An indispensable manual for parents venturing into the unknown territory of day care.

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Dear Daycare Parent

A step-by-step guide explains the mysterious world of day care.

Rioux and Parylak aim their debut book at first-time parents undertaking the always wrenching process of transitioning their child from home care to a day care center. The authors draw on their own extensive experience in education and child care to break down the basics of what is naturally an intimidating and bewildering move: handing a youngster over to comparative strangers for large chunks of the day. The book addresses every conceivable detail those nervous parents might encounter, from the unsavory (head lice and playtime biting, among many other horrors of childhood) to the practical (don’t forget to turn the car’s engine off before escorting the child inside; make sure the youngster’s microwaveable lunch is packed in the right container; and always remember the all-important precaution of labeling literally everything). The authors adopt a thoroughly confident and cheerful tone throughout, firmly but happily reminding jittery parents that caregivers are people too, often busy folks watching many children at the same time all day long—and gently admonishing overly demanding mothers and fathers (the type wanting minute-by-minute accountings of how their kids spend each visit). At every stage, Rioux and Parylak encourage communication between parents and workers (“Bulletin boards are posted either in your child’s classroom or just outside it. This board highlights important notices or information. Please read them daily”). The useful volume tells parents that there are no silly questions but also consistently reminds them throughout of their own responsibilities—for carefully laying out any problems or special requirements their child might have (rather than counting on the staff to be mind readers), for explaining to workers any factors (such as divorce or illness) at home that might affect the youngster’s behavior at the facility, and even for informing caregivers of any change in the person who’ll be picking up the child at the end of the visit. Parents facing this switch from home care to a center often become frazzled and worried by the change—and hence prone to mistakes or oversights. This book, lavishly and wonderfully illustrated by Graf, should be on every new parent’s nightstand.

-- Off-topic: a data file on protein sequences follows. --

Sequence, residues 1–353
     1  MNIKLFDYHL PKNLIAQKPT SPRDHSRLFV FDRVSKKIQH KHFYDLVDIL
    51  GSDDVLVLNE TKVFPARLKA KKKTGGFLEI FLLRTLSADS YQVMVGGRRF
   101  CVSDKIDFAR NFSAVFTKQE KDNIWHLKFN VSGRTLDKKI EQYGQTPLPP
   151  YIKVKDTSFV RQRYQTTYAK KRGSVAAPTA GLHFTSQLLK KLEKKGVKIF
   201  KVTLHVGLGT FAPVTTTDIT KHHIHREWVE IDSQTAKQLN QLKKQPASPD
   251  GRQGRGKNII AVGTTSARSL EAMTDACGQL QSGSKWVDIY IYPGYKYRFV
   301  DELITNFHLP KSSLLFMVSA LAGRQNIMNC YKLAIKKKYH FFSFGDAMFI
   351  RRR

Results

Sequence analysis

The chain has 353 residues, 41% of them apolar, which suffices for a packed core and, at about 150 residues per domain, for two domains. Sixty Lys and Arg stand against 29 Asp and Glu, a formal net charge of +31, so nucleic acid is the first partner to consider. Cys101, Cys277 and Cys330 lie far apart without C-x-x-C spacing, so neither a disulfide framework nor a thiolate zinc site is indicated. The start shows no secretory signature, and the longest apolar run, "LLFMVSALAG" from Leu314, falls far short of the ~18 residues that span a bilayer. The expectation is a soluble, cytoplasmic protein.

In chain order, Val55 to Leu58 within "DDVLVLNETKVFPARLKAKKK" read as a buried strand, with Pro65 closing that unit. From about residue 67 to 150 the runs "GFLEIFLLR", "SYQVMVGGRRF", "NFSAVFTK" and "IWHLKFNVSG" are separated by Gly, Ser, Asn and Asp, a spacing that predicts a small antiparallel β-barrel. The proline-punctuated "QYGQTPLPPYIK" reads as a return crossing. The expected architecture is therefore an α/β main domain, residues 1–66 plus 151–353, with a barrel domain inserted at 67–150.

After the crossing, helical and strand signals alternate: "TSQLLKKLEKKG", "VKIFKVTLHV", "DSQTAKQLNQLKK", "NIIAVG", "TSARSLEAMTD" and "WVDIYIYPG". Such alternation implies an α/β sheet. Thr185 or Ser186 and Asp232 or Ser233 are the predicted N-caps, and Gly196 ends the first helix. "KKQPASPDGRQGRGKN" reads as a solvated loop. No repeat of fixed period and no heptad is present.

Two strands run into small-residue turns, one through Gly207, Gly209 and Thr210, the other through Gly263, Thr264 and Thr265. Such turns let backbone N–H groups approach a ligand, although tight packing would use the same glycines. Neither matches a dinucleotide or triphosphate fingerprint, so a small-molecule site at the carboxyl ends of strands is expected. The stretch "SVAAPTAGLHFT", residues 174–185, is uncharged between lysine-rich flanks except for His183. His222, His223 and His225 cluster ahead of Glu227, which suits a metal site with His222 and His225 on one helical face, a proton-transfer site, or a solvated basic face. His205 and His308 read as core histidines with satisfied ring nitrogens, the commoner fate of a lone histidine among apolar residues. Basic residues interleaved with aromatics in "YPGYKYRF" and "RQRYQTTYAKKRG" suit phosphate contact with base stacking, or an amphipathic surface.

An indispensable manual for parents venturing into the unknown territory of day care.